To support the competitiveness of Australian workers, future rises in compulsory contributions should fall on employees. This would take us part-way towards the Swiss policy whereby employers are allowed to pay as little as one half of second-pillar contributions.

Employer contributions to our super are generally taxed at a flat 15%, as are fund earnings before retirement. In this way, there is no progressivity in our super taxes, apart from contribution limits and a higher tax on employer contributions on behalf of those with salaries exceeding $300,000 per annum. Wealthy families use housing investments outside super to avoid tax, access the pension and protect planned estates. This diverts savings from productive investments, and props up house prices.

In Switzerland and most other countries, by contrast, super taxes are delayed until retirement. Retirement income is taxed in line with the regular progressive rate scale. So lifetime taxation of super is effectively a progressive consumption tax. This promotes fairness and efficiency.

Then there is the worrying fact that Australian super funds have the highest exposure to growth assets within the OECD. Switzerland, by contrast, caps equity investments at 50% and real estate investments at 30%.

New type of super account

We need a new kind of super account alongside the familiar one paying lump sums after retirement. These new accounts would be reserved for lifelong income streams, again echoing Switzerland, which encourages annuitisation of second-pillar benefits. Precise specification of eligible lifelong income streams — life expectancy products versus full life annuities, minimum annual escalation rates, etc. — is of second-order importance, and is best left to another occasion.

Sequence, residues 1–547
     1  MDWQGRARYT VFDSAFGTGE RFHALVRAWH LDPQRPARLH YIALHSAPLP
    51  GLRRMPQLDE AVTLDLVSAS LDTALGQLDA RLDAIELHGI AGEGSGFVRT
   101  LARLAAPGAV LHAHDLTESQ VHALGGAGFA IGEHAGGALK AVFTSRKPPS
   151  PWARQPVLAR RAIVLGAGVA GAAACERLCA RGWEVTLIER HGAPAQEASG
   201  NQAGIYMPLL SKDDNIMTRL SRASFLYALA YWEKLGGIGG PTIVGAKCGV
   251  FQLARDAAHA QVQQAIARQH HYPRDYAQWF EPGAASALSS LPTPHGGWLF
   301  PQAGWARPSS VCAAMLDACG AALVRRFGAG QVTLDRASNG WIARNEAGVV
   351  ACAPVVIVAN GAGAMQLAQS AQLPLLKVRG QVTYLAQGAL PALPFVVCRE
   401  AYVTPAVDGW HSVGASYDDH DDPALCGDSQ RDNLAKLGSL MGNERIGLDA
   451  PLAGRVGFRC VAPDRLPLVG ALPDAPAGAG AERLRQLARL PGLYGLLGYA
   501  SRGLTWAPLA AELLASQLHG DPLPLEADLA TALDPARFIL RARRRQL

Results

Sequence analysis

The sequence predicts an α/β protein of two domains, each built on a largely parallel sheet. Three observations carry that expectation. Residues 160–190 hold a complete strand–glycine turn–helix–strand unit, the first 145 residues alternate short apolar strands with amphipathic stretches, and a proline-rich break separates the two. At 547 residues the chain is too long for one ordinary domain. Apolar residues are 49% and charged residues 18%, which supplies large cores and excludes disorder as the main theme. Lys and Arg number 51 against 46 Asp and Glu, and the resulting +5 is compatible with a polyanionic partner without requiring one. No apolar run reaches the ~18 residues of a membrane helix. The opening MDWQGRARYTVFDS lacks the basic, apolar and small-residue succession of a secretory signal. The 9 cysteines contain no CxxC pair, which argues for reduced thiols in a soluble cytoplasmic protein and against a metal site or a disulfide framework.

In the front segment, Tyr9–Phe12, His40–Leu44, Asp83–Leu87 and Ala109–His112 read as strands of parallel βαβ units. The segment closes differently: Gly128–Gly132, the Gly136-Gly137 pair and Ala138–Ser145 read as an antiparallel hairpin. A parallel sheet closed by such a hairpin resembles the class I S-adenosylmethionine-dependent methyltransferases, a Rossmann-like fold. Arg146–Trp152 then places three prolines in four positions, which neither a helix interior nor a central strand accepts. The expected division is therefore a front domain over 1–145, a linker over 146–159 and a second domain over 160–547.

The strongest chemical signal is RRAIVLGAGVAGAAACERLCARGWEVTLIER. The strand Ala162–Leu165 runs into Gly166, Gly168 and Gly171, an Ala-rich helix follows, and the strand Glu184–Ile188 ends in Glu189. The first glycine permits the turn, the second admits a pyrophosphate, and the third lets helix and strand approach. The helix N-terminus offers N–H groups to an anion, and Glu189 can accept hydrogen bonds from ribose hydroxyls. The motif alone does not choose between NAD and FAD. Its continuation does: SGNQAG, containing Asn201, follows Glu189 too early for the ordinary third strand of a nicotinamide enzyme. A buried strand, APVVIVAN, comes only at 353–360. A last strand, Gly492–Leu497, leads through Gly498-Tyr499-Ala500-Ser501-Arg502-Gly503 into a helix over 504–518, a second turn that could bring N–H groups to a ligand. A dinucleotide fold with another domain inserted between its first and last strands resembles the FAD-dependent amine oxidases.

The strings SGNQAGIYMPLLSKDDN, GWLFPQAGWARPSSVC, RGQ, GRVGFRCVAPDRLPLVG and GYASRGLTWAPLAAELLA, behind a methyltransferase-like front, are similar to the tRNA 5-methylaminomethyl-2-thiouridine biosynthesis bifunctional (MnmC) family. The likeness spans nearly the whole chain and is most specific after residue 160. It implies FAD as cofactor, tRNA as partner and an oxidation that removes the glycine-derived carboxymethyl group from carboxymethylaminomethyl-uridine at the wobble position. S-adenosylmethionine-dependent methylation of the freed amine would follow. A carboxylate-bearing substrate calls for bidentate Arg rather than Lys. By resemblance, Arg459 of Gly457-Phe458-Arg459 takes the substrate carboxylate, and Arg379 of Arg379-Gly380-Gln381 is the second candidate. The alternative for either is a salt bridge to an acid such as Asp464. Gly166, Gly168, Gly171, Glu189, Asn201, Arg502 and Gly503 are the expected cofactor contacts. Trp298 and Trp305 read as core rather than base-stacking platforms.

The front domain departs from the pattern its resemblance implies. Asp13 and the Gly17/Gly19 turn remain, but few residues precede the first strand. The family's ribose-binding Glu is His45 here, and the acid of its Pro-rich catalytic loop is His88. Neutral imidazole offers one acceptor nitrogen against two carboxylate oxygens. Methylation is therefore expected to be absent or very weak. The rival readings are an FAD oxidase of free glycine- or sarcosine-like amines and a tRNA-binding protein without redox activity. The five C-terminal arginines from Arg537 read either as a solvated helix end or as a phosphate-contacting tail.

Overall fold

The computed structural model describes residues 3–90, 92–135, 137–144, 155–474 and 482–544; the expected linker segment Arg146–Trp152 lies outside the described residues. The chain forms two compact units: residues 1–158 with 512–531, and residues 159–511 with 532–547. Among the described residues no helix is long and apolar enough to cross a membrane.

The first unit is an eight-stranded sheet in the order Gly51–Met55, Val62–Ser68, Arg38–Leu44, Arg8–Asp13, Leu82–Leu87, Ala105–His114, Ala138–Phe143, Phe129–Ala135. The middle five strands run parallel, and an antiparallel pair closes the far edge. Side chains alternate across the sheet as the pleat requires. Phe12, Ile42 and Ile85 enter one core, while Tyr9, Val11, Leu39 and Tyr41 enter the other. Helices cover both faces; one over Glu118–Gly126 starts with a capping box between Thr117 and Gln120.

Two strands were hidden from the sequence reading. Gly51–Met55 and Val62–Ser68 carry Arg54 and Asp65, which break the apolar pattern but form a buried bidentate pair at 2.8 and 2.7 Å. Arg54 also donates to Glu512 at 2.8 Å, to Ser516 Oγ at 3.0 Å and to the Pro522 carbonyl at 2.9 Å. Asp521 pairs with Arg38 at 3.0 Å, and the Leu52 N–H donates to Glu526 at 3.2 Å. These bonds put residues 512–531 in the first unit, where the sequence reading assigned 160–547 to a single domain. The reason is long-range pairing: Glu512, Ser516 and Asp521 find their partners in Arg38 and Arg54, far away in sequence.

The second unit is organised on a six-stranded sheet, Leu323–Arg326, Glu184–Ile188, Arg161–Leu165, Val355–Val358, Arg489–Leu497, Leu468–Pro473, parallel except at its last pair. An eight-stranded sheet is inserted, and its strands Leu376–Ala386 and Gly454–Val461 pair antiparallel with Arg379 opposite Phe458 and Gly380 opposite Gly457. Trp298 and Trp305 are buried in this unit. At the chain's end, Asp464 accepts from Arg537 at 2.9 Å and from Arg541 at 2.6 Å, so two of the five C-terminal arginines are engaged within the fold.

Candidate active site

Like existing accounts the new ones would be subject to contribution limits. Indeed, these limits would initially need to be low, to protect the budget in the short term.

The new accounts would be tax-free until retirement, at which point annuity income would face the regular rate scale. Exposure to growth assets within the new accounts, once annuitised, would be capped at 50%.

Super contributors could open either or both types of account, in this respect echoing the United States and Canada. (Good as it is, Swiss policy isn’t the answer to all our problems). Over time, however, changes in contribution limits would redirect compulsory contributions into the new Swiss-style accounts. Likewise, compulsory contributions on behalf of new workers would go into the new accounts.

The old-style accounts would still be taxed upfront, largely free of asset restrictions and eligible for lump-sum withdrawals. But they would eventually be reserved largely for third-pillar retirement savings.

About the author

Geoffrey Kingston is a professor in the Department of Economics at Macquarie University. He would like to thank the Centre for International Financial Regulation for research support.

This article was first published by Cuffelinks, proudly supported by Finsia.